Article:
Monday, April 11, 2011

Bea Arthur: A Novel, Audio Redux

This monologue first ran in 2006. Max Cantor recently sent me his audio reading of it, which I simply had to share. Since most current readers haven't seen Bea Arthur: A Novel, I'm presenting both the original text and Max's reading today.

To listen to Max Cantor's reading of "Bea Arthur: A Novel" either click the triangle on the left to begin streaming audio or click this text to download the MP3.

Don't you want to slap authors who add " : A Novel" after their titles?

Hearts: A Novel.

Orchard: A Novel.

Who are you helping here? The guy who restocks the shelves? It's sitting next to six hundred other novels. It's not my fault your horribly unoriginal cover doesn't convey what kind of book it is (it's probably a picture of a building, a road, an empty beach or a photo of you, isn't it?). It's a book in the Fiction section! Picking the thing up and flipping through it, which I'll have to do anyway if I'm going to buy it, will tell me if it's an anthology or a picaresque.

If you shaped the book, say, like the Himalayas, disguising the pages as 1,000 meter-tall sheets of ice and rock, then, then I might need you to label it " : A Novel." I'd be quite surprised. I'd probably buy two, for stocking stuffers. But not your 250-page paperback of My Doves: A Novel in the middle of the Fiction section.

It doesn't even say, "Checkpoint: A Good Novel," or, "Company: A Novel That Has Some Shortcomings, But There's a Really Clever Ending." Even culinary anti-artists like candy companies put more on their bags than, "Oreos: A Cookie." Given, they do have a more compelling product than most literary authors, but still. It's the principle of the thing, and novels are about the principle of the thing. How am I supposed to trust you with the English language for hundreds of pages when you're wasting words right on the cover? Strunk and White frown, madame.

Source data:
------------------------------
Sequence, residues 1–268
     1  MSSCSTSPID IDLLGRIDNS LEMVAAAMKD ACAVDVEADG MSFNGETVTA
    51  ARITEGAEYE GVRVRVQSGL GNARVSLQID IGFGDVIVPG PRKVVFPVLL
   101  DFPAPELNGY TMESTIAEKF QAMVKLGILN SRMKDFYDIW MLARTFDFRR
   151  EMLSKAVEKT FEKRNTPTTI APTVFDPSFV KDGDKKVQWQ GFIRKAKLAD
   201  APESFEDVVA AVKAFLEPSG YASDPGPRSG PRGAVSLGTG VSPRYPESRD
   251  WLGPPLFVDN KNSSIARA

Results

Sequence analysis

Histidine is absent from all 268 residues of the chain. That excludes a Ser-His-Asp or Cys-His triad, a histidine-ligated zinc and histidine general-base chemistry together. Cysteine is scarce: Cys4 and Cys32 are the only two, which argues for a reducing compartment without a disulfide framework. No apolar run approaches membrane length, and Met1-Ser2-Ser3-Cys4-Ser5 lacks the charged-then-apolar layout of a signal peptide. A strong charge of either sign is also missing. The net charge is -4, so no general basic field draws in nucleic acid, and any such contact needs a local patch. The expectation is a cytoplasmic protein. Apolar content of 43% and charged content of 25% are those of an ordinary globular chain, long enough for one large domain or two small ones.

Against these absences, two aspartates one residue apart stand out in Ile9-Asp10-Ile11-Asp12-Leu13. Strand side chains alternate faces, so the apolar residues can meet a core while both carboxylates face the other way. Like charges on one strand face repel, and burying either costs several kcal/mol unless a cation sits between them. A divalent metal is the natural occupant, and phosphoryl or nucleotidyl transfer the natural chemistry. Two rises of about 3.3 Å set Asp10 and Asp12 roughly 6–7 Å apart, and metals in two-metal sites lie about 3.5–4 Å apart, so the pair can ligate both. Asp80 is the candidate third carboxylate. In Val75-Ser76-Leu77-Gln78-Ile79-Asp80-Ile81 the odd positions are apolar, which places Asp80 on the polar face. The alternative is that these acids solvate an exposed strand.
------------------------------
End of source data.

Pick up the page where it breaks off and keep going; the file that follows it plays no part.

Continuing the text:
You know what I'd like to do someday? Drive past one of those capital offenders' houses and huck a stone with a note on it through her window. The note would read " : A Rock. "


  1. Scathing & hilarious peeve purge John! Great reading too!

  2. I've found myself perturbed enough by that particular addition to wonder why it's there, but I'll back your rant 100%. I'll bet most of those covers would be more accurate if they instead wrote, "a somewhat chronologically-ordered series of otherwise random scenes."

    Are they, perhaps, trying to reassure people who are allergic to anthos?

    Verification word: beept — which is probably the noise I'll hear in my head next time I see ": A Novel" on a book cover. :-P

  3. I needed that smile. "Oreos: A Cookie" I think I'll be repeating that line for the next week! Thanks for the laugh. Well done.

  4. Max Cantor: a reader.
    John Wiswell: a guy.
    Please insert "good" and/or "funny" as you see fit.

  5. Thanks for stopping by and reading, or listening. Max's fondness for this was so strong that when he recorded a version, I had to post it. I presumed most current readers hadn't seen Bea Arthur: A Novel before.

    Mr. FAR, you had found yourself perturbed enough? Or hadn't?


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